As I say, I have not looked in depth to see what the house advantage is with BJ, but there must be one or they wouldn't be playing it, they're not charities. If a game loses more money for the casino than it makes, they wont play it.

Brian.
Brian Leybourne
bleybourne@gmail.com

RPG Books: Of Beasts and Men, The Flower of Battle, The TROS Companion

Mike Holmes

Yes that's the five card rule. If in play, either side can win with it so it doesn't affect edge. I was just thinking that, if you had a "sleeve card" and the rule was in effect that an ace would make such a win much more likely.

As to the edge, I've described it above. Basically, the house has an even chance of winning. The only thing that gives it it's edge is that it wins on ties, or, more commonly with Blackjack. Brian, the insurance case allows the player to theoretically mitigate his losses, but as you point out, really only reduces the losses in a small percentage of cases. But the other case is where the ace is on the bottom. That's when the little detectors com into play, and the house wins before anyone can even do anything. I think with pushes, the house edge is something like 5%, with blackjack normally it's about 1%, and with insurance it comes to .5%. Twice these numbers if you consider the "swing".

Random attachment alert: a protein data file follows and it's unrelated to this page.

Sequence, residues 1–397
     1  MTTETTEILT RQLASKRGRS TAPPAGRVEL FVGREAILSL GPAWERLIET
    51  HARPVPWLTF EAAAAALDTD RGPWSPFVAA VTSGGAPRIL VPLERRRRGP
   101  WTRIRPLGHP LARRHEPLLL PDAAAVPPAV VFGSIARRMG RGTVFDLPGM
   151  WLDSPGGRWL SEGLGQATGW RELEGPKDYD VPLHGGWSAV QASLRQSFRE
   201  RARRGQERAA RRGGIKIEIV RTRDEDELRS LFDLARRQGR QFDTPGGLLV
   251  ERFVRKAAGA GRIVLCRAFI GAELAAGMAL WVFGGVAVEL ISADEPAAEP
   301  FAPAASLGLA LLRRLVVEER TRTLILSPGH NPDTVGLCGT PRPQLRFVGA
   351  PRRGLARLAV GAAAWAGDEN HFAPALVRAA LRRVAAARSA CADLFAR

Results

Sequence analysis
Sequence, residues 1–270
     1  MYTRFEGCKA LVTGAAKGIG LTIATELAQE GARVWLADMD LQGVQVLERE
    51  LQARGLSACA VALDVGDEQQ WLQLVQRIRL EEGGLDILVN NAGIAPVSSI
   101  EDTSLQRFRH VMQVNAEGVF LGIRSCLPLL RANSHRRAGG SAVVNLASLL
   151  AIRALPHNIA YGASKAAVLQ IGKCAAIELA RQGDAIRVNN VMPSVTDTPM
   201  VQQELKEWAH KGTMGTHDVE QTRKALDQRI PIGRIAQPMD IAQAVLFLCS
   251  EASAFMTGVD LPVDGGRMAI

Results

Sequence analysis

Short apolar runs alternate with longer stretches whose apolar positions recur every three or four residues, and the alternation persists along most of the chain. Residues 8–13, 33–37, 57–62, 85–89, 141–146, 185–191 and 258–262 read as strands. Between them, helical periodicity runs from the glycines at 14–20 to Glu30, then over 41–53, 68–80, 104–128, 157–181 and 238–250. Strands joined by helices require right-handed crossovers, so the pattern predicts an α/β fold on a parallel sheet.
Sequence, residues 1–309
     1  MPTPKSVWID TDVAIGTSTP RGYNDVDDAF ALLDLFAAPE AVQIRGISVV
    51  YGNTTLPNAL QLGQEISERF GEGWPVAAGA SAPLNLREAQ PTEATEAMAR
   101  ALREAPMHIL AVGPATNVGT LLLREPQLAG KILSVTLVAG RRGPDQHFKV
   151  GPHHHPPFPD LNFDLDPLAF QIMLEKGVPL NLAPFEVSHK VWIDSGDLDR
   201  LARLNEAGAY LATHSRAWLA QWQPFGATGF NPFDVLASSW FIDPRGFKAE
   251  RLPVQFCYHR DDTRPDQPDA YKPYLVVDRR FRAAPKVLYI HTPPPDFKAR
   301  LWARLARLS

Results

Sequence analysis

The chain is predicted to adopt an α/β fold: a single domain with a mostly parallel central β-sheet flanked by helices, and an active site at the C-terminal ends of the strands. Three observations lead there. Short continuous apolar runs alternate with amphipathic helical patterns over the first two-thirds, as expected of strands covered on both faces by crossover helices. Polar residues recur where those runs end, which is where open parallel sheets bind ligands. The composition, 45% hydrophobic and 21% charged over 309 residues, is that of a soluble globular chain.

Yes, Blackjack is in most cases the best game to play against the house as the edge is miniscule. You can see the house rate posted by law somewhere in the casino. It'll say something like "The house take is 50.5%" meaning that if you play 1000 games for 10 dollars each, that the house will win 505 of them, and lose 495. Resulting in a total loss of 100 dollars.

This thin edge is what keeps blackjack players coming back. They know intuitively that all they need is some tiny edge, and they can overcome the house edge. This is why the houses use multiple decks of cards, and watch for card-counters. Even with multiple decks, a good card counter can overcome the house edge. Takes forever, but it can be done.

Compare this with, say Roulette. With a French wheel (one zero), the edge is 2.7% (1 in 37), with an American wheel (add a double zero), the edge is 5.2% (2 in 38).

Poker and betting on horses and sports actually have larger edges for the house (assuming they're efficient at setting spreads), but you have the hope that you're smarter than the next guy, which, if true gives you the edge. (the main problem being that you're not smarter than the wiseguys)

Mike
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Valamir